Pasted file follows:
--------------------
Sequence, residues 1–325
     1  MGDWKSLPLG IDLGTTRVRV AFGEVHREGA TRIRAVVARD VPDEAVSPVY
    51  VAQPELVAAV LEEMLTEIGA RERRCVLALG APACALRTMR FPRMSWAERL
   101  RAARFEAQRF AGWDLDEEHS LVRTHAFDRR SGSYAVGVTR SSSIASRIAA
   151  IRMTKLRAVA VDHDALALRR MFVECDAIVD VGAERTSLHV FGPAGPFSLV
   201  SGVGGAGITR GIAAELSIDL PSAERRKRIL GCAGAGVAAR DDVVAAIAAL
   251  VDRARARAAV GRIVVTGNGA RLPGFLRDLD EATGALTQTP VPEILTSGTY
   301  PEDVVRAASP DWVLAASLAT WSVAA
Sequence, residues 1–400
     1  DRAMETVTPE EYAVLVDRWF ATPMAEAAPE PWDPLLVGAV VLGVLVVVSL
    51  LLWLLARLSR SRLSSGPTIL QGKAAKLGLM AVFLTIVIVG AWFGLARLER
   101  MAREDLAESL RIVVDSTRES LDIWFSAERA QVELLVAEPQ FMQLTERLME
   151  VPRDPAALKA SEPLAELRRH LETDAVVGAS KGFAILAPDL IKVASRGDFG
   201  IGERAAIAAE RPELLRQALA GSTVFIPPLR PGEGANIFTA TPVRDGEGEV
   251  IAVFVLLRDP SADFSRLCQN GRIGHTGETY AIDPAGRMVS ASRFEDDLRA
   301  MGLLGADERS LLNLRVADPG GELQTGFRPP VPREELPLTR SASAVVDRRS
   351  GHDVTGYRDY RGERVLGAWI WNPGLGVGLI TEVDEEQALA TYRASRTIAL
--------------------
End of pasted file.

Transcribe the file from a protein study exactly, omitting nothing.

Sequence, residues 1–325
     1  MGDWKSLPLG IDLGTTRVRV AFGEVHREGA TRIRAVVARD VPDEAVSPVY
    51  VAQPELVAAV LEEMLTEIGA RERRCVLALG APACALRTMR FPRMSWAERL
   101  RAARFEAQRF AGWDLDEEHS LVRTHAFDRR SGSYAVGVTR SSSIASRIAA
   151  IRMTKLRAVA VDHDALALRR MFVECDAIVD VGAERTSLHV FGPAGPFSLV
   201  SGVGGAGITR GIAAELSIDL PSAERRKRIL GCAGAGVAAR DDVVAAIAAL
   251  VDRARARAAV GRIVVTGNGA RLPGFLRDLD EATGALTQTP VPEILTSGTY
   301  PEDVVRAASP DWVLAASLAT WSVAA
Sequence, residues 1–400
     1  DRAMETVTPE EYAVLVDRWF ATPMAEAAPE PWDPLLVGAV VLGVLVVVSL
    51  LLWLLARLSR SRLSSGPTIL QGKAAKLGLM AVFLTIVIVG AWFGLARLER
   101  MAREDLAESL RIVVDSTRES LDIWFSAERA QVELLVAEPQ FMQLTERLME
   151  VPRDPAALKA SEPLAELRRH LETDAVVGAS KGFAILAPDL IKVASRGDFG
   201  IGERAAIAAE RPELLRQALA GSTVFIPPLR PGEGANIFTA TPVRDGEGEV
   251  IAVFVLLRDP SADFSRLCQN GRIGHTGETY AIDPAGRMVS ASRFEDDLRA
   301  MGLLGADERS LLNLRVADPG GELQTGFRPP VPREELPLTR SASAVVDRRS
   351  GHDVTGYRDY RGERVLGAWI WNPGLGVGLI TEVDEEQALA TYRASRTIAL